The Financial Times is not exactly a rumor mill—-so its recent headline amounts to a thunderbolt:
“Fed Looks At Exit Fees On Bond Funds”
And so the shoes begin to fall. Owing to the Fed’s brutal financial repression since December 2008 (i.e. zero yield on short-term funds), there has been massive scramble for yield that has driven trillions into corporate and high yield bond funds.
What this means is that liquid funds which would have normally been parked in bank deposits or money market funds have been artificially displaced. That is, they have been chased by the dictates of the monetary politburo into far more illiquid and risky investment vehicles owing to zero yields in their preferred financial venues.
But now it is dawning on at least some of the more market savvy occupants of the Eccles Building that they have created a monumental financial log-jam waiting to happen. In their jargon, the migration of trillions into bond funds since the financial crisis has resulted in a sweeping “maturity transformation”. As former governor Jeremy Stein succinctly put it,
“It may be the essence of shadow banking is … giving people a liquid claim on illiquid assets.”
What Stein means is that the traditional money markets existed for a reason—even if returns were inferior to what could be obtained in longer duration fixed income securities or investments with equity-like features such as junk bonds. Corporations and individuals who invested in money market instruments, including bank CDs, were willing to absorb the yield penalty in return for the assurance of absolute daily liquidity that the funds in question required.
But zero return is not a market driven liquidity penalty; it is an arbitrary prohibition imposed on the market by the monetary politburo. So now we have a giant anomaly. Trillions of daily liquidity demanding investments are potentially stuck in bond funds which could not provide it during a crisis. In effect, any attempt by bond funds managers to meet a surge of redemptions calls would make the crisis surrounding the Reserve Prime Fund’s “breaking the buck” in September 2008 seem like a Sunday School picnic.
The reason is that the Fed created a massively artificial demand for bond fund investments during the 6-year stretch of ZIRP. Accordingly, in the event that liquidity-seeking investors call their funds, which they are entitled to do by bond mutual funds, there would be a massive imbalance in the market. This is especially true because traditional Wall Street market makers have significantly shrunk their balance sheet positions and available capital owing to Dodd-Frank.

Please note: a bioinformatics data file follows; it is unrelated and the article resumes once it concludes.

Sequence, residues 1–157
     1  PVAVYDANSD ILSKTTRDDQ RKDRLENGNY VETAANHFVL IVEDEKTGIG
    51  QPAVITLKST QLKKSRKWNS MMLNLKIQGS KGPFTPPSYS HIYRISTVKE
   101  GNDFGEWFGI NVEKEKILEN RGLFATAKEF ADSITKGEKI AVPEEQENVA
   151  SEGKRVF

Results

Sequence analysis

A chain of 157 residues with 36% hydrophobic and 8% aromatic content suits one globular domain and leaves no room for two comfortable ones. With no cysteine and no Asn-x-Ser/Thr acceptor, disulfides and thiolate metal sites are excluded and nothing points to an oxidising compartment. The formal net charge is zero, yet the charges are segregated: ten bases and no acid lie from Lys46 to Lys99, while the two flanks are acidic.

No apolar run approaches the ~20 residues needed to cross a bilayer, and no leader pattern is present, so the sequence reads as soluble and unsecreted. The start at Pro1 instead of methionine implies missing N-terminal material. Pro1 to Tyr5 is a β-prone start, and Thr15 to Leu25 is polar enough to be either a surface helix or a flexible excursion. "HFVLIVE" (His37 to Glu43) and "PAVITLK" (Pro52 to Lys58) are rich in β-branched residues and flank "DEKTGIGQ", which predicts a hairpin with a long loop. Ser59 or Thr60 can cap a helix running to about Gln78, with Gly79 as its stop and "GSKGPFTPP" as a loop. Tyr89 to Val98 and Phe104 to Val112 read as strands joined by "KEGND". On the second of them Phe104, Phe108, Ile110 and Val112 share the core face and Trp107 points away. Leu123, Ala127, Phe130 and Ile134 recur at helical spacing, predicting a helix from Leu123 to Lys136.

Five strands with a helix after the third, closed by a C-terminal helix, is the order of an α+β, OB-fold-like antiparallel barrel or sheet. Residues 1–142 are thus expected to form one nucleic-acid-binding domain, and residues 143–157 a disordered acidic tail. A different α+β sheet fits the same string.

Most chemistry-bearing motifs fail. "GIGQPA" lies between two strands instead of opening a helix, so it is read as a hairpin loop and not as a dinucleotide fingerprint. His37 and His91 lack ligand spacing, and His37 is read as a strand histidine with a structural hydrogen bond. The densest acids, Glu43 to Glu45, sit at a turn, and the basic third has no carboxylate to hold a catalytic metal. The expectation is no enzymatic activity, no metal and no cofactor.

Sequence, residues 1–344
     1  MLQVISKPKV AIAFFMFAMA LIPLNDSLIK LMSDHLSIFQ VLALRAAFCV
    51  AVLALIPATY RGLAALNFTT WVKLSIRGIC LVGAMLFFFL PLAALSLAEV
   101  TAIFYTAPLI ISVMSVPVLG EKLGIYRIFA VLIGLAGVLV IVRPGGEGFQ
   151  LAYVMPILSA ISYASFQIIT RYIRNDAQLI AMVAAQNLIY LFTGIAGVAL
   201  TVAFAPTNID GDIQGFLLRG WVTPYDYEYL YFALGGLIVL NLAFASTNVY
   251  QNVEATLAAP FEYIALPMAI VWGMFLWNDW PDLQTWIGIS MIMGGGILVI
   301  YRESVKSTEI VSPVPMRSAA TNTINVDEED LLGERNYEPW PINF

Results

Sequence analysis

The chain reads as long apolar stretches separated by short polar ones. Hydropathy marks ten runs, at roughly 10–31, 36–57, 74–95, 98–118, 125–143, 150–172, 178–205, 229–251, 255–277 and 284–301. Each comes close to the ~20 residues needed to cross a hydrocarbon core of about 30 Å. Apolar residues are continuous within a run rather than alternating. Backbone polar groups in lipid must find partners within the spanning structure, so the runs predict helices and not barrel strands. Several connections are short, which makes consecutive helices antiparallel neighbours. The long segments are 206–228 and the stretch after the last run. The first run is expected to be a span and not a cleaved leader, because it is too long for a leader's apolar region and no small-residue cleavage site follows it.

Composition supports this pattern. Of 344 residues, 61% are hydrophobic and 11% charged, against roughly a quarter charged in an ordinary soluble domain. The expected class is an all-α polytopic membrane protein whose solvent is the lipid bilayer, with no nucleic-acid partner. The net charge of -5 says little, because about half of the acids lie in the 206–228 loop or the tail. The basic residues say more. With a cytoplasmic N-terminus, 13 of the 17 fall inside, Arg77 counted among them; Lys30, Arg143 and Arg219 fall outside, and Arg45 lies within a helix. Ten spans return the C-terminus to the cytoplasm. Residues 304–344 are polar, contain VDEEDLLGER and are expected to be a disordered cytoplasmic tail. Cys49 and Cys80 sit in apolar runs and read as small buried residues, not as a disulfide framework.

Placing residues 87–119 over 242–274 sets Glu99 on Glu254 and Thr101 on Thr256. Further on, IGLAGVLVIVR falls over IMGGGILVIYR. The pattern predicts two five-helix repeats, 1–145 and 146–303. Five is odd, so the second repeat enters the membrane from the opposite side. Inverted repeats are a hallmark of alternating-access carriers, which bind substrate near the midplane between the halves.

So drastically imbalanced markets under crisis conditions would gap down and potentially go even bidless for many higher risk, less liquid corporate issues. As mark-to market losses mounted, of course, investor demands for liquidity would sky-rocket, begetting even more fire sale dumping of corporates and junk bonds and even deeper discounts and losses.
In short, in its mindless drive to manipulate financial markets and generate artificial demand for credit, the Fed has created the potential for a massive run on bond funds should a new financial crisis be triggered by one black swan or another. And once again it is evident that the market’s natural process of “price discovery” has been destroyed in favor of ham-handed “price administration” by our monetary central planners.
Yet the monster they have already created—-a massive log-jam at the bond fund exit gates—-would pale compared to the deformations and anomalies that would result from the imposition of a government dictated exist fee on unsuspecting investors. Even the announcement of a rule-making would potentially trigger the very kind of sell-off that it would be designed to prevent. And if corporate bond prices took a tumble, it would not take long for equity markets to recognize that the massive flow of new debt capital which has been used to fund record stock buybacks could suddenly dry up.
Not surprisingly, the big bond houses are lining up in favor of government imposed exits fees and gates. They would like nothing better than to keep investors captive, collect the fees and blame Washington for the inconvenience to investors.
The next round of crony capitalism is already underway.
Exit fees would seek to discourage retail investors from withdrawing funds, thereby making their claims less liquid and making a fire sale of the assets more unlikely.
Such fees could be highly unpopular with retail investors unable to access funds without paying a fee. But some in the industry would welcome them; BlackRock, the world’s largest asset manager, has called for international rules setting exit fees on some funds.